When I was in high school, every night I would call my friend, Kenny Chin, to go over the homework. Yes, it was every night.
I would always ask, “Is Kenny there?” At that point, I would hear his mother yell the Chinese version of his name (which I can no longer remember, let alone pronounce). I have had this experience many other times with Indian, Israeli and other Asian friends who have both “inside” names, which their family and some friends called them, and “outside” names which the rest of the world knows them by.
Remembering this got me thinking about what business schools call themselves for the public, and what those on the “inside” – including students, faculty, staff, people-in-the know – call them. This gives some insights into who the schools are and how they think of themselves.
Two schools that are very similar in all sorts of ways, including their naming, are Sloan and Haas, or as they wish to be called, MIT Sloan and Berkeley-Haas. The reasons are the same: each business school is very integrated into their much more widely known universities, so they want to emphasize that relationship.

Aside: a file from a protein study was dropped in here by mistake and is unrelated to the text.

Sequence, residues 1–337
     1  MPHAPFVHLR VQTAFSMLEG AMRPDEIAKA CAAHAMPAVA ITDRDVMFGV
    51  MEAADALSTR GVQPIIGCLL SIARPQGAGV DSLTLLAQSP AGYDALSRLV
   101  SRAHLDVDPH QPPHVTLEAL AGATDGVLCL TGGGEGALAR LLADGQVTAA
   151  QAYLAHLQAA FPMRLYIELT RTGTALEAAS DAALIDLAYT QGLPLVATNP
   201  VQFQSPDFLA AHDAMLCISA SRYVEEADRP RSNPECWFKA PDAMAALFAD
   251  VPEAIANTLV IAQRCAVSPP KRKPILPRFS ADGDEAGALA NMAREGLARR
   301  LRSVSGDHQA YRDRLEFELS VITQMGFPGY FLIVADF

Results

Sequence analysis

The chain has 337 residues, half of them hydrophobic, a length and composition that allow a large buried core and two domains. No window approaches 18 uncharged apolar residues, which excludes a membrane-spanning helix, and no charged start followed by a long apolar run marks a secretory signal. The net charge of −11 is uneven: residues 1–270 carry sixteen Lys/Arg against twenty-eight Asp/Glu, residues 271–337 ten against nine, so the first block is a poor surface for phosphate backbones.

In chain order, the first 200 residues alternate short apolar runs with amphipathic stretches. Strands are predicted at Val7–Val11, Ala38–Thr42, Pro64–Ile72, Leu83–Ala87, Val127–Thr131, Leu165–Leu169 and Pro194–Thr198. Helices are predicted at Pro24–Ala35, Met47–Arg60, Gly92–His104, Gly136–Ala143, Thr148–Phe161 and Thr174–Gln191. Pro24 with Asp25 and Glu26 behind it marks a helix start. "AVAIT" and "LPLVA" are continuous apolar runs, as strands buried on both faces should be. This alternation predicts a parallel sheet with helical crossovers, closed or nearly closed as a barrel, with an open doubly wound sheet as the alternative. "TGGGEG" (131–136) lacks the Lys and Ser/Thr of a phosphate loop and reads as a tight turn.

The flip side is true with Wharton which never mentions the University of Pennsylvania in its name (though technically it is there). Wharton is its own powerful brand name, so no reason to dilute that.
Duke Fuqua is somewhere in between, with the name Duke being more prominent in some places, like overseas, while people on the inside call it Fuqua. And if you are really in the know, you even pronounce it correctly, FEW- kwa.
Of course, donors sometimes have a big say in what a school is called … and sometimes not. One of the great university brands, the University Chicago, took a backseat to the name Booth, as in an MBA from Booth. Of course a $300 million donation by David Booth goes a long way to rebranding anything.
Not so successful, is the University North Carolina business school being called Kenan-Flagler. No doubt because UNC is a lot more elegant than KF or maybe KF is just too close to KFC.
Much as Buckeyes refer to their school as THE Ohio State when football season starts, students at Stanford refer to their business school as THE GSB. Not quite sure why in either case but good to know.
The oldest business school in the country at Dartmouth, generally calls itself just “Tuck,” with its students being “Tuckies.” Too cute for Wall Street? Maybe.
And there is always Harvard Business School, known by nearly everyone as HBS. Not quite sure if that is because it is a simple acronym or it highlights the fact that HBS is mainly BS, but I’m not saying that.
On that note, signing off as Harold Mark, the name my mother (and only my mother) called me.